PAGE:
Gobsmacked! the Carolyn Cassady interview, Part 2

Carolyn & Neal, 1947

Carolyn & Neal, 1947

In July of 2009, I posted Part 1 of my interview with writer and literary figure, Carolyn Cassady. I’m very pleased now to be posting Gobsmacked! Part 2.

Carolyn, according to popular legend Jack Kerouac taped a bunch of sheets of paper together (in some versions it’s a roll of paper) and stuck them in his typewriter and sat down and typed out On the Road. However, in your book you mention him having found the paper already taped together (in Bill Cannastra’s apartment?). You also remember him discussing how to end On the Road after that particular manuscript was done, working on scenes for On the Road in your and Neal’s attic in San Francisco, and then spending weeks editing the manuscript with his Viking Press editor Malcolm Cowley. And you’ve read the transcribed version of the ‘scroll’ manuscript. How much of On the Road really was written on that single scroll, and how much did Jack work over that original material before he got the final manuscript?

I didn’t know anything about the paper taped together, since Jack did that when he returned to New York. (There is definite identification of the kind of paper—I can’t tell you, ’cause I don’t care. I have seen that scroll three times.) The published version probably tells the true type. Do you want me to look it up? The editor sent me two copies; he was my editor, too.

When Jack was writing it at our house, he just used ordinary typing paper—hence his decision later to paste pages together. I really knew only what Jack wrote in his letters to us, and I wasn’t that into it. There are myriad changes in the published book from what he wrote in the scroll.

You were educated in drama and the art of costume and once went to Hollywood for a job that you eventually turned down because you had Cathy. And then there you were in Hollywood years later, when you were involved in Heart Beat, the movie version of a published excerpt from your book. Your son John has said that he fell in love with Sissy Spacek, who tried her best to salvage that movie. Can you tell us stories about that time?

Ah, the film Heart Beat.

When I lived in Los Gatos, there was a monthly PBS television show called TVTV. It was just an hour, but they were the most wonderful shows I’ve ever seen. So this guy came to see me, saying he was a member of that bunch. I don’t know how he learned I was such a fan. I learned later he’d only been a technician for them. Being ignorant, I was sure they’d do a good job. I learned afterward that this guy’s whole purpose was to “get into the majors,” and he used me to do it. I was ripped off over and over—the lawyer they paid—so many big contracts and all broken, since they knew I wasn’t able to sue Warner Brothers. Actually, it was Orion’s very first film.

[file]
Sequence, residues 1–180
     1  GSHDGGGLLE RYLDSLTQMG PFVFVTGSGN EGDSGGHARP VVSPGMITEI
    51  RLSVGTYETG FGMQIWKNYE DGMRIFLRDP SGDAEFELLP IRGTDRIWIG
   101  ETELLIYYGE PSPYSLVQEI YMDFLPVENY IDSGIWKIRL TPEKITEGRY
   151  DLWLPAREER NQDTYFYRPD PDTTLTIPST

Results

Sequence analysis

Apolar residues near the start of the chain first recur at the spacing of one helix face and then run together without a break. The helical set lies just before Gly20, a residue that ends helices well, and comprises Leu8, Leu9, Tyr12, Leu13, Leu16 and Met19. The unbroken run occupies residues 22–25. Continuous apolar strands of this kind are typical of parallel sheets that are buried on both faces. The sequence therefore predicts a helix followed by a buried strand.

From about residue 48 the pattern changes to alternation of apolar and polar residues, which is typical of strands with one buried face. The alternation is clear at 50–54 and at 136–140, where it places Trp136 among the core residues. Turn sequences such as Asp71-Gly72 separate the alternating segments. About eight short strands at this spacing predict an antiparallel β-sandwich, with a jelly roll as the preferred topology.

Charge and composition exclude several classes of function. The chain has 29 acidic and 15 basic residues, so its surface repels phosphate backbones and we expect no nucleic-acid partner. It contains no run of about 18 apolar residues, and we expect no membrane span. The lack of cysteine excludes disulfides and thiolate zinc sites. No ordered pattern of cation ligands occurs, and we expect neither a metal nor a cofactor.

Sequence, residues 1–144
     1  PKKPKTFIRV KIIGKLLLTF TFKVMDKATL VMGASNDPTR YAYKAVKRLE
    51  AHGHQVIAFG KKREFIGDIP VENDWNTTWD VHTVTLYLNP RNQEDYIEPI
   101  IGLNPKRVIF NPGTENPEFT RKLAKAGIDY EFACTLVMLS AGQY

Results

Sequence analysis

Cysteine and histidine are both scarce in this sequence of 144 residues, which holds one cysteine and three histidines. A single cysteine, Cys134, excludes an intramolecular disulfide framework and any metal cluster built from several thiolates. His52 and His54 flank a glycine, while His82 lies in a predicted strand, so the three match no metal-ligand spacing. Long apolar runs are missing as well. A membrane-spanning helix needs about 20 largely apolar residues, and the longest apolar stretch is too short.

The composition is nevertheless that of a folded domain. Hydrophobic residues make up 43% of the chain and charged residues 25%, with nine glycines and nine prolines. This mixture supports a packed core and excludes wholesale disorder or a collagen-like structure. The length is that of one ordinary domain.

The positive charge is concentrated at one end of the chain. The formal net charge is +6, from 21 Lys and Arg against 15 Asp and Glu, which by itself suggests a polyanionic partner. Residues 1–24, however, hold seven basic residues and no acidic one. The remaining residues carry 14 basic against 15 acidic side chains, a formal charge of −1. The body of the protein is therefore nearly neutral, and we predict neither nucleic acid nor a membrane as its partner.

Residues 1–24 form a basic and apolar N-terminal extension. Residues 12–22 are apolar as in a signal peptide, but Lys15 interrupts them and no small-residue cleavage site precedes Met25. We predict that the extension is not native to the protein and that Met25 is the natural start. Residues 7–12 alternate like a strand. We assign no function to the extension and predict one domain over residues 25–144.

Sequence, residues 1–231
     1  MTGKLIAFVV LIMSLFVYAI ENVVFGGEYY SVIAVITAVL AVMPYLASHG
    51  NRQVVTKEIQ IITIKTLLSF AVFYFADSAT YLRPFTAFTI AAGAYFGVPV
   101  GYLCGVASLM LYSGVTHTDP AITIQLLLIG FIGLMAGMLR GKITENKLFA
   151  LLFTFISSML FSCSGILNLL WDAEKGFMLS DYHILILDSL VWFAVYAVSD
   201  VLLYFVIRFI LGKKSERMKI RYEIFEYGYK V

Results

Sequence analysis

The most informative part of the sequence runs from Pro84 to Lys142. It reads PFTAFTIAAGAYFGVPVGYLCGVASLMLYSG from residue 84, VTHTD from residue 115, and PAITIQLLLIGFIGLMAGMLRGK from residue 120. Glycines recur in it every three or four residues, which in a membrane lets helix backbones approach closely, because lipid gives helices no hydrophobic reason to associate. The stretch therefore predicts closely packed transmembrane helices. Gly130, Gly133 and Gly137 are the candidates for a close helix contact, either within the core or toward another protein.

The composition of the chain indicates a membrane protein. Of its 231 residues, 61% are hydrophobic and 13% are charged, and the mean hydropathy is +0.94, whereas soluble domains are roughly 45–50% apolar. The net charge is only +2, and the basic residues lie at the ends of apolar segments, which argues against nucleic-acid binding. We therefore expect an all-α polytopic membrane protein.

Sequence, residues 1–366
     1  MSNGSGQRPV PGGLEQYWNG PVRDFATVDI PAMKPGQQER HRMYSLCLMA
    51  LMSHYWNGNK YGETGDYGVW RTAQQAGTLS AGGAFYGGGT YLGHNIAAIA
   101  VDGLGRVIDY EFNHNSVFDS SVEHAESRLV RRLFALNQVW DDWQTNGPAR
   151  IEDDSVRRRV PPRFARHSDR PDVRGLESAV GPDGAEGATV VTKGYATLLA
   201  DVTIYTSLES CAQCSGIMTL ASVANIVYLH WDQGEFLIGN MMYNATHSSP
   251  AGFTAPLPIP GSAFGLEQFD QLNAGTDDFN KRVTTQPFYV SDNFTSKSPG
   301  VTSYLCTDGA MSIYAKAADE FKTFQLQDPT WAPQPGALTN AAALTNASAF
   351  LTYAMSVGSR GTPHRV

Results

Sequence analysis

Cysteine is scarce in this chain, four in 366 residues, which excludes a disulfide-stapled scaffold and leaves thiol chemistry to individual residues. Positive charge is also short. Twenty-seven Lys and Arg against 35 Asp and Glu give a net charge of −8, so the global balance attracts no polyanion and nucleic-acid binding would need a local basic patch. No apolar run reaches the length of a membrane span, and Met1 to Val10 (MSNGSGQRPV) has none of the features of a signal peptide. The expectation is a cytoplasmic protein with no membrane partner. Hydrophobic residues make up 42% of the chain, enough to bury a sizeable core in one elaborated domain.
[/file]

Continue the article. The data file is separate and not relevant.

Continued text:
And I read in Newsweek a year later that TVTV had disbanded a year before, so in spite of the contract, stationery, sign over the office door, there was no such company.

I had seen Sissy Spacek only once in a PBS series of one-hour dramas. I was so impressed with her, I looked at the credits to find her name. Sissy had read my entire 1143-page manuscript, as it was then. Her husband said she’d cry and want to call me, she loved it so much. So when she asked them to let her play the part, they asked me what I thought of her. I told them I’d love it if she would.

Well, to skip a bit. They hired this guy, John Byrum, to write the script and later to direct, even though he never had before and Lazlo Kovacs did most of it. The script was absolutely horrible and the opposite of how we were or did. Byrum had just seen Jules and Jim and was going to do his own. (They even considered making T-shirts with “Jules and Jim go to Northbeach,” but didn’t. Big joke.) But to the producer here was Byrum, a guy with a “foot in the door” of the majors, and he could ride on him. So he did. He produced later, thanks to me, A Fish Called Wanda, and I don’t know what else. His name was Michael Shamberg.

I met John Byrum, and he was so charming and funny—he snowed everyone he met, including Orion. He had produced a number of films with top actors, all of which were always voted the worst of the year. This he’d tell us as a funny joke. Don’t ask me to explain Hollywood.

As I say, the script was infantile. I wrote poison pen letters all summer trying to get changes, without success. I told them Allen would hate it; they said he’d love it. He told them to erase his name and every mention of him, the script was so terrible. They wanted LuAnne’s address, but she was written as just meat, so I refused. The actress who played her even said she wouldn’t have said some of the lines written for the part.